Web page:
That at Utrecht is as long as that at Paris, and reasonable great; much wreathed at top, and then growing straiter toward the bottome. The outside is of a sand-colour, the inside is whiter. It is held in great account, and is shown for a right one, so that Colonia Agrippina, hath bid a great summe of gold for it. That of the Helvetians, was found in the year M.D.X.X. at the mouth of the River Arula, near Brugia;14 white it is within, yellowish without, without writhings, two cubits long, but as sweet as musk, especially if it be near the fire. The Danish one is kept in Fredericks-Burgs Castle, above seven Roman-foot long, if we except that part within the hollow, which Bartholine conceives to be above a foot, it is seven fingers about, writhed all along, and sharp-pointed at top; the colour mixt of white, and ash-colour, and in some of the spaces channeld, and chamfered with black, and duskish streaks. That of the Venetian Merchants, was brought out of Germany, promising by the bright, and divers colour'd shape, that it is a right one; and the rather, because there fall pieces from it, if you have it, not like teeth, and shavings, that can be crumbled; but there come thence shavings that are clammy, and yeelding, as any other cut hornes. I can say litle of the Gedanensian one. Empiricus returning from Constantinople, not long ago, magnified it highly. More about this beast Ælian tells us,15 saying, that among all beasts he hath the must absurd vile voyce; that if other beasts come to him, he is gentle, but ever fighting with those of his owne kind; the males do not onely quarrell, but they also with the females, so that they kill one another. His whole body is very strong, but his horn invincible. He seeks deserts, and goes ever alone wandring. At coupling-time the male is tamer, and feeds quietly with the female; when that time is over, and the female begins to swell, the male returns to his former fiercenesse, and betakes him to his wandring lovelinesse.16 Men say that there were some of their young ones brought to the Prasian King, and that on feast, and triumph-dayes, they were put together to fight, to shew their strength: for no man ever remembers that one growen up, hath been taken. So far Ælian. Some add, that this beast loves young Virgins so, that if one spreads but her lap, as he comes, he will lay his head there, and fall in a slumber, and so is taken.17 For their use, all know how they are commended for the soverain vertue of their horne against venome, for where poyson is, it sweats, and drops stand on it; and so, as some think, the right horne is knowne. Aloysius Mundella, commends it against the bite of a mad dog, and other mischievous beasts, as also of worms. The ancient Indian Kings, who first arrived at the knowledge of this horne, made cups of it for themselves, that drinking out of them, they might fence themselves against poyson, drunkennesse, falling sicknesse, and other malignant diseases. A Iew of Venice, made a circle on a table with that horn, and cast then a Scorpion, and a Spider within it, who had not the power to passe that circle:18 after that they being pluckt by it a hand high, whether by the shadow of it, or the vertue flowing from it, they were both kill'd, within the space of an hour. No wonder then that it is so valued, that German Merchants ask'd for one of the 90000 crowns;19 and the Pope, setting up a kind of an Apothecaries shop in the Vatican, gave 12000 pieces of gold to the Epidaurian Merchants, for a piece of an Unicorns horne; of the which Austin Ricchus the Popes then chief Physitian, used to put now a scruple, now 10 grains in wine, or cordiall water, and administred it with great successe. And thus shall serve now to have spoken of the Unicorn, we shall say more elsewhere. Concerning horn'd Asses, I find them cried up in three places, namely in India, Scythia, and Africa.20 Herodotus mentions the African. Ælian saith that they hold the water of the River Styx, and were sent in yron vessels by Alexander to Delphos, to be there dedicated to Pythia. Of the Indian ones, the same Ælian thus:21 I have been informed, that there are wild Asses, no lesse then Horses bred among the Indians, white bodied, onely purple-headed, and blew-eyed, and that they bear a horn in the forehead, a cubite and half long; the upper-part whereof is light red, the lower white, and the middle coalblack; and that, not all, but the principall Indians have hang'd them as bracelets on their arms, and set them off with gold, and have use to drink out of the same. They report, that, who so uses to drink out of this horn, shall be free from incurable diseases, nor shall be ever troubled with convulsion fits, nor ever toucht with the falling-sicknesse, nor tainted with any poyson; nay, that if he hath drunk any venome, he shall cast it up again, and recover his health.22 And when other Asses, all the world over, whether tame, or wild, and all other wholehooft beasts have, as it is said, nor ankles, nor gall in their liver: These Indian Asses onely have ankles, and these black, and that within, if you break them, neither want they a gall; and that in swiftnesse, they exceed not onely by much other Asses, but also by far both Elephants and Horses. And when they come first on the way, their pace is but slow at beginning, but then they mend it by degrees, and at last none can overtake them.23 After the females have brought forth, the sires very carefully looke to the colts, and their haunt is the most desert parts of India: when the Indians hunt them, they hold the colts feeding behind them, and fight for them: they dare meet the horsemen face to face, and make at them with their hornes. So strong are they, there is no resisting of them, they make all yeeld, or what will not. they break, or so shatter, that it become uselesse, and is quite spoyl'd. If they meet with horses they rend, and tear their sides in pieces, that their very guts fall out, so that horsemen are affraid to come near them, knowing that the approach is the utter lamentable destruction, both man and horse, they lay finely about them with their heels. What ever they bite, they make an utter riddance of it. If they be once grown up, they are not to be taken; they are kill'd with darts and arrows. Their flesh is so bitter, it is not to be eaten. Philostratus writes almost the same.24 The figure that we have here added,25 is of a wild beast bodied, and eared like an Asse, with two hornes, one shooting out of his nostrills, the other about his eyes; but because it is not whole-hoof'd, nor one-horn'd, it cannot be the Indian Asse.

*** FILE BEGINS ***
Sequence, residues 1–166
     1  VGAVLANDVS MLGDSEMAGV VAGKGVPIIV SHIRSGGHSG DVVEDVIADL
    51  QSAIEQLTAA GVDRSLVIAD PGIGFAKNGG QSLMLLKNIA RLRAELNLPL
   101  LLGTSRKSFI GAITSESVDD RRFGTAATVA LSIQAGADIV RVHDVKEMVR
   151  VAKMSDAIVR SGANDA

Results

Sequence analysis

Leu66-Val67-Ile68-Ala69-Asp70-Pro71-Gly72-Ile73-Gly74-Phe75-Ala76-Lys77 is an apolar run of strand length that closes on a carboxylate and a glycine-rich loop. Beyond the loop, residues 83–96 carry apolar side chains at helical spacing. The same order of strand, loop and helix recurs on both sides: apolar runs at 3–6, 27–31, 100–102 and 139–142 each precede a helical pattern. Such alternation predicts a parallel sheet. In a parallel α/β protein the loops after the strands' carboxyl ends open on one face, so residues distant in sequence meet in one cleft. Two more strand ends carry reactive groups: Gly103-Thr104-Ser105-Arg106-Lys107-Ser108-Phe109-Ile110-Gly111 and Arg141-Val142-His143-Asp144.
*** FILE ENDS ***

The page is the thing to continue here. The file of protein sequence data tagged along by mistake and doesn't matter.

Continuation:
1. Aldrov. H. Quad. L. I. c. 16. [Jonston's marginal note; unmarked notes on this page are his.]